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  1. Henry Addington nació el 30 de mayo de 1757, y falleció el 15 de febrero de 1844 .Fue hijo de Anthony Addington y Mary Addington, quien a su vez era hija del reverendo Haviland John Hiley, rector de la Reading School. Como consecuencia de la posición de su padre, Henry fue desde pequeño amigo de William Pitt (el joven).

  2. Henry Addington, 1st Viscount Sidmouth, PC (30 May 1757 – 15 February 1844) was a British Tory statesman who served as Prime Minister of the United Kingdom from 1801 to 1804. Addington is best known for obtaining the Treaty of Amiens in 1802, an unfavourable peace with Napoleonic France which marked the end of the Second Coalition during the French Revolutionary Wars .

    • 8 (by Hammond)
    • William Pitt the Younger
    • Pursuing Peace
    • Repressive and Reactionary?
    • A Significant Legacy

    When Pitt resigned as Prime Minister in 1801 over the issue of Catholic Emancipation, both Pitt and George III identified Addington as the obvious successor. In office he declared the pursuit of peace as his government’s priority, not least on the grounds that further military conflict was financially unaffordable, and his government negotiated the Peace of Amiens with France in March 1802. The peace allowed a period of coordinated administrative and financial reform along Pittite principles, with Addington in effect delivering the first budget speech to Parliament in April 1802. Abortive negotiations to strengthen the ministry politically, combined with a deteriorating international situation, weakened the government. Once war recommenced in May 1803 (Addington making the declaration in the Commons wearing military uniform!), the administration was attacked in Parliament by Pitt, who eventually declared open opposition to Addington's ministry. On 10 May 1804 Addington resigned.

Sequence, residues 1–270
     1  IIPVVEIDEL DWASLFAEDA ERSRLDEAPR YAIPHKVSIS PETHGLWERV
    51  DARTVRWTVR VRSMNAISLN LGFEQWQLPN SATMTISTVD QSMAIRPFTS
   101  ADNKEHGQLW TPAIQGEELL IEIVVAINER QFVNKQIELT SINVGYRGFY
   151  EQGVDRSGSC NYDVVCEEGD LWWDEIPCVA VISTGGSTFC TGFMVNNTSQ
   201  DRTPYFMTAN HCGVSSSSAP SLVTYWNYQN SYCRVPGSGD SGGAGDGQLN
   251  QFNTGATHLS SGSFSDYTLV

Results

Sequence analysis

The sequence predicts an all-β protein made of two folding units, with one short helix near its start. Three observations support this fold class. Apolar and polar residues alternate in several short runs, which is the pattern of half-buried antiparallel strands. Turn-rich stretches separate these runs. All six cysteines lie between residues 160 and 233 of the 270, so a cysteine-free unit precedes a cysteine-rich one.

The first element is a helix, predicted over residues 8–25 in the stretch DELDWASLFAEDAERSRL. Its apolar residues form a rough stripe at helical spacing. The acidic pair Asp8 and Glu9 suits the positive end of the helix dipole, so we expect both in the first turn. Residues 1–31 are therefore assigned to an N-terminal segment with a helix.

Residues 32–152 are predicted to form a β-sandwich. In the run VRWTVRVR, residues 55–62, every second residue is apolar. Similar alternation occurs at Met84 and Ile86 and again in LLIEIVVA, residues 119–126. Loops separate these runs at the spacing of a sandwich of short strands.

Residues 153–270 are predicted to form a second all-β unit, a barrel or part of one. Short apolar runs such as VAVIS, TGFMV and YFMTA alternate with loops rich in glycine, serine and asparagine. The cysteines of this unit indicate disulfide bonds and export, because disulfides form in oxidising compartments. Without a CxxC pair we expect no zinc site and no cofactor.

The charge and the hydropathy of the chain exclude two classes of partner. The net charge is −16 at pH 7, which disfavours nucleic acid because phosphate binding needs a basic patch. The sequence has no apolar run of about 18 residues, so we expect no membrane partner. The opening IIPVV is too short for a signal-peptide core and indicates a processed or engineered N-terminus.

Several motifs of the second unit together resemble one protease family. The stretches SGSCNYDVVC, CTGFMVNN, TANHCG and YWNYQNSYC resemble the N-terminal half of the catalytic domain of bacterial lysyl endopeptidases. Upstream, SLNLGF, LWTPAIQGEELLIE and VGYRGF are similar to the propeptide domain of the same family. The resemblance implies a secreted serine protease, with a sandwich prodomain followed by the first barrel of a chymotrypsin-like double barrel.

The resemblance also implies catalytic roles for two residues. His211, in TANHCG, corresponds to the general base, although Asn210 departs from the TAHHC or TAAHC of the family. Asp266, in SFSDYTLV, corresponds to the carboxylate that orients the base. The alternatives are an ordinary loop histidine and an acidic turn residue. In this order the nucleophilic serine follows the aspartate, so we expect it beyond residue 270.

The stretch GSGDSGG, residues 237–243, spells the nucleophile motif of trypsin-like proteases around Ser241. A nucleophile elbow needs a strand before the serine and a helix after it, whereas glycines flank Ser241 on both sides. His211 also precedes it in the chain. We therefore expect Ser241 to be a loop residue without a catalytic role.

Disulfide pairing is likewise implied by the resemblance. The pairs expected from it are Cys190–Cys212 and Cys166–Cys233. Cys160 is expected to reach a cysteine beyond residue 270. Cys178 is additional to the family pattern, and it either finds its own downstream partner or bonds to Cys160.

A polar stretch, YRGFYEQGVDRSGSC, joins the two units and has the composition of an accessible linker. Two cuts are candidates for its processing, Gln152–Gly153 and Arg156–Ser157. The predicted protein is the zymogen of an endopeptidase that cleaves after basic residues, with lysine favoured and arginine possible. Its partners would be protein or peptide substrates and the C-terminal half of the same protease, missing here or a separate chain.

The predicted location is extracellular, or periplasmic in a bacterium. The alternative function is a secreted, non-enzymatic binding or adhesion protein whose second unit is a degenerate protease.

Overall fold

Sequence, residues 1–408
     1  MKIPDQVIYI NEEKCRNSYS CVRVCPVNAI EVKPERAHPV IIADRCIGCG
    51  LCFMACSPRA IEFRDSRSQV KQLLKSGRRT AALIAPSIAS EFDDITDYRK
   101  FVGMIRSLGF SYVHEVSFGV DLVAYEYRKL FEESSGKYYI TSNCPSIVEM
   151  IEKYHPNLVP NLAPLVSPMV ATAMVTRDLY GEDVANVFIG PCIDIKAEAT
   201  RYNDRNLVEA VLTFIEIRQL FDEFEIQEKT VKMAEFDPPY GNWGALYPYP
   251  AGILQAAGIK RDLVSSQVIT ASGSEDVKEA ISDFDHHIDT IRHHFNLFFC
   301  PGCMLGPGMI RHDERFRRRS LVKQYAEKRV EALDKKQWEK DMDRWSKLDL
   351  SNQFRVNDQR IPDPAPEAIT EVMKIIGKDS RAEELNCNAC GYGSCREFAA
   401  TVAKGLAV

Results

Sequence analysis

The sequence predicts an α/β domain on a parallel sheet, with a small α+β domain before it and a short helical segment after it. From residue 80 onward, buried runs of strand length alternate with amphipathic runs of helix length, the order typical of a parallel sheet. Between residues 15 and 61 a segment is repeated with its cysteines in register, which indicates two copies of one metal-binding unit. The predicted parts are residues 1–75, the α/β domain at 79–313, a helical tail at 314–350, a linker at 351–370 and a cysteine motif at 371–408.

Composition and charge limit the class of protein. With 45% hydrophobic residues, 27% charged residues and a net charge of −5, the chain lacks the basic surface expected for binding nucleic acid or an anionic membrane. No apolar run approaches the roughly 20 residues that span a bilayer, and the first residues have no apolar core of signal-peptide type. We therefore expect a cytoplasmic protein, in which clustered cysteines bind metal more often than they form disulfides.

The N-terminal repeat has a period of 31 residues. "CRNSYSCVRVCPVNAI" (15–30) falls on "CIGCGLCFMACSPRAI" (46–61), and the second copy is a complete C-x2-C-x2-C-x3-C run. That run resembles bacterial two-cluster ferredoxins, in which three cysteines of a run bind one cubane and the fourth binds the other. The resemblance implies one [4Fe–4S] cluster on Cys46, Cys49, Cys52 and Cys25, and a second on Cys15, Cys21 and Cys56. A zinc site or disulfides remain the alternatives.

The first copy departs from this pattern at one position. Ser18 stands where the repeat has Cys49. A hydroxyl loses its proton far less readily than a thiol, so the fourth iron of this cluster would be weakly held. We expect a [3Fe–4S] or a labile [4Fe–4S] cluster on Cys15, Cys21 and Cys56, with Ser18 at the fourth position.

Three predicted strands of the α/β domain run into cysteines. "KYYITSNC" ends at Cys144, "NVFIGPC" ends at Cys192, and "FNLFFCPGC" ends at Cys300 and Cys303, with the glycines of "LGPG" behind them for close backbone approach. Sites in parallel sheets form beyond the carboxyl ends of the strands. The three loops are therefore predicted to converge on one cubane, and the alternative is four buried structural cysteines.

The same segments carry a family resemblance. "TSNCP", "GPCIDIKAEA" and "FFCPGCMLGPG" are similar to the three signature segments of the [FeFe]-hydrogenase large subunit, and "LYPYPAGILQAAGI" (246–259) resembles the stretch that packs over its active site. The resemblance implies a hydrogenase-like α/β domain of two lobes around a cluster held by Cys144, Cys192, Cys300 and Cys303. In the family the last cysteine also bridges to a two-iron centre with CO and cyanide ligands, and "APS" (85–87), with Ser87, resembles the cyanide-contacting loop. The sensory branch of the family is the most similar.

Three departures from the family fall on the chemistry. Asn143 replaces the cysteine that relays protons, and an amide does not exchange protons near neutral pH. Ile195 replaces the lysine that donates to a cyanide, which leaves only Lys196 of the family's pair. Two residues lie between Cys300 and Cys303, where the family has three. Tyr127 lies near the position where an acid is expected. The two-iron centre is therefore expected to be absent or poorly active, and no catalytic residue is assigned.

Addington, now Viscount Sidmouth, briefly returned to government as Lord President of the Council in Pitt’s second administration, and then served in William Grenville’s ministry. His resignation in 1807 left him out of office until in 1812, when Lord Liverpool asked him to become Home Secretary. He continued in this office throughout the years of economic distress and radical political activity that marked the period after the battle of Waterloo in 1815, acquiring a popular reputation as an architect of repression and a ‘high tory’ reactionary. Such views were encouraged by his devout Anglicanism (at a time when legal disadvantages were imposed on non-Anglicans), his opposition to both parliamentary and tariff reform, and his stress on the constitutional role of the monarch.

    The growing prominence and influence of George Canning, often presented as the embodiment of a new liberal Toryism, was one factor in his retirement from politics in 1824, two years after he ceased to be Home Secretary and 20 years before his death on 15 February 1844. However, not only was Addington’s contribution to British politics more substantial than that of an unimaginative reactionary, but in achieving high office through his talents and despite his relatively modest origins, he marked a change in the social dynamics of British political life from which Canning and other more reformist figures would later benefit. Copyright Professor Arthur Burns. This article was produced as part of the No10 Guest Historian series, coordinated by History & Policy.

  3. 09/01/2022 · Henry Addington, 1st Viscount Sidmouth, British prime minister from March 1801 to May 1804. Honest but unimaginative and inflexibly conservative, he proved unable to cope with the problems of the Napoleonic Wars, and later, in his decade as home secretary, he made himself unpopular by his harsh

  4. 04/04/2018 · Henry Addington, 1st Viscount Sidmouth, PC (30 May 1757 – 15 February 1844) was a British statesman, and Prime Minister of the United Kingdom from 1801 to 1804. Henry Addington was the son of Anthony Addington, Pitt's physician, and Mary Addington, the daughter of the Rev. Haviland John Hiley, headmaster of Reading School.

    • Anthony Addington, Mary Addington
    • Holborn, London, UK
    • May 30, 1757
    • February 15, 1844 (86)Richmond, Surrey, UK
  5. Henry Addington was a ship registered at Calcutta that in 1806 a French privateer captured off the coast of Sumatra. As a prize to the French privateer Manchot, she arrived at Port-Louis, Île de France on 27 August 1806, and carrying goods from China. She was copper sheathed, three-masted, and of about 350 tons ( bm ).

  6. The Henry Addington is located right in the heart of Canary Wharf, and is just a short three-minute walk from Canary Wharf Underground Station on the Jubilee Line, West India Avenue, and One Canada Square.

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